A handful of states banned the use of handheld cell phones while driving. Oregon’s Legislature is expected to decide in the next few weeks if it wants to follow suit by passing House Bill 2377, legislation sponsored by Rep. Carolyn Tomei, a Milwaukie Democrat, or one of two similar bills.
Tomei says that at her town hall meetings, a number of constituents asked her to do something about drivers who use cell phones. One woman, she says, told her that while walking in Milwaukie, 13 of 16 drivers who passed her were talking on cell phones.
Cell phones have a number of specific attractions, experts say. They allow us to stay socially connected, and in an increasingly impersonal world, that has appeal. In an increasingly taxing world, they allow us to multi-task, taking care of business during what seems to be wasted time alone in the car.
People’s willingness to drive while impaired, in any form and from any source, is based on a lack of vivid experience telling them it is dangerous, Schwartz says.
Marie Helweg-Larsen, chairwoman of the department of psychology at Dickinson College in Carlisle, Pa., says it takes a vivid experience to overcome an optimistic bias, especially one that continually gets reinforced.
“Every time you talk on a cell phone and don’t get in an accident, it’s evidence in the column saying it can’t be that dangerous,” Helweg-Larsen says.
The only thing that will change that perception is getting in an accident while talking on the phone, Helweg-Larsen says. Even then, she says, the old way of thinking will eventually return. That’s because worrying about getting in a car crash while talking on the phone is not what psychologists call “adaptive behavior.”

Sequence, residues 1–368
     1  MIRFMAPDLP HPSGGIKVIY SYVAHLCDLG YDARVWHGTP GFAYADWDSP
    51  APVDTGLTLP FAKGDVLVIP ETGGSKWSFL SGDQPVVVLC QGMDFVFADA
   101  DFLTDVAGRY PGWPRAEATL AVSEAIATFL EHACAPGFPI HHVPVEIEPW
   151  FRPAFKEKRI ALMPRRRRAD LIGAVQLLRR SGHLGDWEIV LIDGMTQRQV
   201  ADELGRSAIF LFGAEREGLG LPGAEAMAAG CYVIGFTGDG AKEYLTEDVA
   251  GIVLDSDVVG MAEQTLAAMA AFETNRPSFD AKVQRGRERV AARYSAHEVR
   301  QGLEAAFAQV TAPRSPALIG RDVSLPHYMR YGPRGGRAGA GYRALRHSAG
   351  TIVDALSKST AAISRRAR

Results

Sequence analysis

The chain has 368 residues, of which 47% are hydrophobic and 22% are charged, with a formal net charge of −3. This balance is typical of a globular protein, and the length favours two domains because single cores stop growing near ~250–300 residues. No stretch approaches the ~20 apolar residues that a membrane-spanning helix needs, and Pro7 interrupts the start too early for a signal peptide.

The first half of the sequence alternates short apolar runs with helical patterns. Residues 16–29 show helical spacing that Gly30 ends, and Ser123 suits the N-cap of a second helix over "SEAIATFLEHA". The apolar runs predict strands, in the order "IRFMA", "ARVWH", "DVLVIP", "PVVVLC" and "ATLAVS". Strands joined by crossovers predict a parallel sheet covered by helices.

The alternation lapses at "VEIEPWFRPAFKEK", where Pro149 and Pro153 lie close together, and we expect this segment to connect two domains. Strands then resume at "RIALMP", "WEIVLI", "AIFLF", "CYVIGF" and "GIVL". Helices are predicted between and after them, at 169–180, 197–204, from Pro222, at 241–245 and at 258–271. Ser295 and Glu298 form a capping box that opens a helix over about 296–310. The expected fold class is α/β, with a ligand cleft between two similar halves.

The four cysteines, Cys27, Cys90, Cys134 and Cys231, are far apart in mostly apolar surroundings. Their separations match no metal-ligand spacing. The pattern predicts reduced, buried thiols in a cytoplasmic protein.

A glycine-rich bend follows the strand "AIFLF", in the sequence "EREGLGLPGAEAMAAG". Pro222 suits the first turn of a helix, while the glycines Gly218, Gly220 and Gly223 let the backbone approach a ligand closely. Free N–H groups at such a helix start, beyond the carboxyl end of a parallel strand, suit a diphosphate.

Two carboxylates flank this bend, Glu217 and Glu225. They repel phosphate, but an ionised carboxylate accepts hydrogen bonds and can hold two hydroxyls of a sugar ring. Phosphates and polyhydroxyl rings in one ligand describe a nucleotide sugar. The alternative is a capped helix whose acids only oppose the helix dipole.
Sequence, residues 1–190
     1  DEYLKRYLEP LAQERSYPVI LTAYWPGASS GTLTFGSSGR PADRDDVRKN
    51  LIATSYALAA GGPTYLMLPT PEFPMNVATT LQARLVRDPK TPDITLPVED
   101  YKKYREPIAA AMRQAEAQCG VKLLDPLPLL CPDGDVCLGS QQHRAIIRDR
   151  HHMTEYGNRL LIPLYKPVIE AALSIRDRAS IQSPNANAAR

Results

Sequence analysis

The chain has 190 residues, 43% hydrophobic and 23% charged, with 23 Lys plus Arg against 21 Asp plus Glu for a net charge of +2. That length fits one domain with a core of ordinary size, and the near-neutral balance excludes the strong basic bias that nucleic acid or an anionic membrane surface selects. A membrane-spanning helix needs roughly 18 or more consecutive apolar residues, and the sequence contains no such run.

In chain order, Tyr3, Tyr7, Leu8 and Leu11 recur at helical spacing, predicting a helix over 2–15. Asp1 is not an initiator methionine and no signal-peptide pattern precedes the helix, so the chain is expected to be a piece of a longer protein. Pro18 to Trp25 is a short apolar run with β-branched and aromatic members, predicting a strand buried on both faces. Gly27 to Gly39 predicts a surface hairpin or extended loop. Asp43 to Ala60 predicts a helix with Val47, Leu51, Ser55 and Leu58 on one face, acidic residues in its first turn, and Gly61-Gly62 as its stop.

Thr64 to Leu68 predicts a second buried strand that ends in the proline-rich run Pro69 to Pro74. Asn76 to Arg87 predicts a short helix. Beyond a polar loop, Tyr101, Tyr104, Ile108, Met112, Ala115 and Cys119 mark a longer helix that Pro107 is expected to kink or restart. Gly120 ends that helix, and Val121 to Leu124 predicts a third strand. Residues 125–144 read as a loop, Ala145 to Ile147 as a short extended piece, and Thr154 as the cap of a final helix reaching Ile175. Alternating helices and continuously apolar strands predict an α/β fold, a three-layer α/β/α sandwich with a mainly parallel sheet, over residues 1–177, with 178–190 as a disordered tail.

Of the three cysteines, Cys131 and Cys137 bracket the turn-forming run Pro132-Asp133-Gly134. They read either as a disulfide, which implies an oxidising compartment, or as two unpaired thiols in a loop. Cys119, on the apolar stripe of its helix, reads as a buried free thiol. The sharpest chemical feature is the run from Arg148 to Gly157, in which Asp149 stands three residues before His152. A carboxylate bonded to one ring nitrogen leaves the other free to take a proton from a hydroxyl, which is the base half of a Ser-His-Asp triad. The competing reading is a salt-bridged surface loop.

“It’s just not practical, psychologically, to worry every time you get in the car. It doesn’t work that well. You cannot be on heightened alert every time you get in the car,” says Helweg-Larsen, who admits she, too, uses her cell phone while driving.
Schwartz — who, by the way, admits he uses his cell phone while driving (so much for knowledge overcoming irrational behavior), and further admits he refuses to talk to his adult children if they tell him they are calling from their cars (indicating, possibly, that an optimistic bias doesn’t extend to one’s kids) — says a sense of control is part of the psychology, too. And Americans driving cars are all about control.
Many Americans reacted to the September 2001 terrorist attacks on the World Trade Center, Schwartz says, by believing it was suddenly unsafe to fly.
Schwartz says hordes of people who had long-distance vacations planned opted out of planes and into their cars, driving cross-country in some cases, and increasing the chances they would die in an accident. In fact, a Cornell University study estimates there were 2,170 additional highway deaths in the months after 9/11 due to people driving rather than flying — almost as many as died in the terrorist attacks. But those extra people who died in car accidents died feeling in control.
“It’s that (thought), ‘I’m in control when I’m driving, if there’s a terrorist on the plane, what can I do?’ ” Schwartz says.
Using common sense
Ralph Keyes, the author of “Chancing It,” has spent years interviewing people who live risky lives to determine how they make choices. Keyes says mountain climbers and high-wire aerialists are often afraid of spiders, or, even more frequently, Keyes says, of getting married.
Portland resident Margot Monti had no problem with getting married. But she won’t talk on her phone while driving. Nor will she put on makeup or read a book while driving.
“I tried it once when I first got a cell phone and it freaked me out,” Monti says. “I realized I was not focusing on the road, and it was not worth it.”